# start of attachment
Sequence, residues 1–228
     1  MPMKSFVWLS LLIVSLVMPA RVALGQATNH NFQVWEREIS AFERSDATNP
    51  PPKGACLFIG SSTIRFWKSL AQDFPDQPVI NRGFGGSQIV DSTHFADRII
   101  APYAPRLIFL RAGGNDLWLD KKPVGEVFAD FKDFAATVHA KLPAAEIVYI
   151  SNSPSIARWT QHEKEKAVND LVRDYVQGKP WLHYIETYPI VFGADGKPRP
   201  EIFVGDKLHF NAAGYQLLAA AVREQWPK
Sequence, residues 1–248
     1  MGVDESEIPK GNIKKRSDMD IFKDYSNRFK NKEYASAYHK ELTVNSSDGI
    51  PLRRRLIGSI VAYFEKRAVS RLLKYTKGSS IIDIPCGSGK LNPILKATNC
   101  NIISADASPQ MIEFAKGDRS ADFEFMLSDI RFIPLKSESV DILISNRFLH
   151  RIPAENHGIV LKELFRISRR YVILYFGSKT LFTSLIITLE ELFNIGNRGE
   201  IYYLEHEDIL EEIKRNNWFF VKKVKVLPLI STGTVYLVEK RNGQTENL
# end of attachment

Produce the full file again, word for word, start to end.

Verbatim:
Sequence, residues 1–228
     1  MPMKSFVWLS LLIVSLVMPA RVALGQATNH NFQVWEREIS AFERSDATNP
    51  PPKGACLFIG SSTIRFWKSL AQDFPDQPVI NRGFGGSQIV DSTHFADRII
   101  APYAPRLIFL RAGGNDLWLD KKPVGEVFAD FKDFAATVHA KLPAAEIVYI
   151  SNSPSIARWT QHEKEKAVND LVRDYVQGKP WLHYIETYPI VFGADGKPRP
   201  EIFVGDKLHF NAAGYQLLAA AVREQWPK
Sequence, residues 1–248
     1  MGVDESEIPK GNIKKRSDMD IFKDYSNRFK NKEYASAYHK ELTVNSSDGI
    51  PLRRRLIGSI VAYFEKRAVS RLLKYTKGSS IIDIPCGSGK LNPILKATNC
   101  NIISADASPQ MIEFAKGDRS ADFEFMLSDI RFIPLKSESV DILISNRFLH
   151  RIPAENHGIV LKELFRISRR YVILYFGSKT LFTSLIITLE ELFNIGNRGE
   201  IYYLEHEDIL EEIKRNNWFF VKKVKVLPLI STGTVYLVEK RNGQTENL